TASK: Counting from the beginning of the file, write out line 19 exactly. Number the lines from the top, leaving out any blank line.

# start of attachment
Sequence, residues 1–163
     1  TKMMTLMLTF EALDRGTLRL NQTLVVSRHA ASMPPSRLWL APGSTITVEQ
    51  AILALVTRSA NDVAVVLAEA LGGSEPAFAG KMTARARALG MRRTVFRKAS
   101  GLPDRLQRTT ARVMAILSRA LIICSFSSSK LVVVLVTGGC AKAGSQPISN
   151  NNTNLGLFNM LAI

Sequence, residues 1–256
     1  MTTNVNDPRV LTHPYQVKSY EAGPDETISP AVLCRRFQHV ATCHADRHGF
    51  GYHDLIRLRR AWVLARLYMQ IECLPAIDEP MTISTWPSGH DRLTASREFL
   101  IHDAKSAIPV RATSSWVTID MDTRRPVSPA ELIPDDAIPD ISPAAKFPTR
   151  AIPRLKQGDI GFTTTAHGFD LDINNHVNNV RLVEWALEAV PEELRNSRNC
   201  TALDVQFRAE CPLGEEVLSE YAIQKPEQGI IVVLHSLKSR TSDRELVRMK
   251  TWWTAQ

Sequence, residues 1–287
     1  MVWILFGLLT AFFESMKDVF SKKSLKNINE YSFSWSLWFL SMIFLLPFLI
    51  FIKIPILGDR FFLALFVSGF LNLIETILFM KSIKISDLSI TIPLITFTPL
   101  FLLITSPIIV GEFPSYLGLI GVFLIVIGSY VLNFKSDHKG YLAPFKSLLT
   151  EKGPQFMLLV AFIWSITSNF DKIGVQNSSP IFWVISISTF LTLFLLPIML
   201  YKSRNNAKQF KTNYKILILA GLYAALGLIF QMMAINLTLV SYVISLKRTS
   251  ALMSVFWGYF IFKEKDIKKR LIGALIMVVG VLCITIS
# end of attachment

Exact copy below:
   251  ALMSVFWGYF IFKEKDIKKR LIGALIMVVG VLCITIS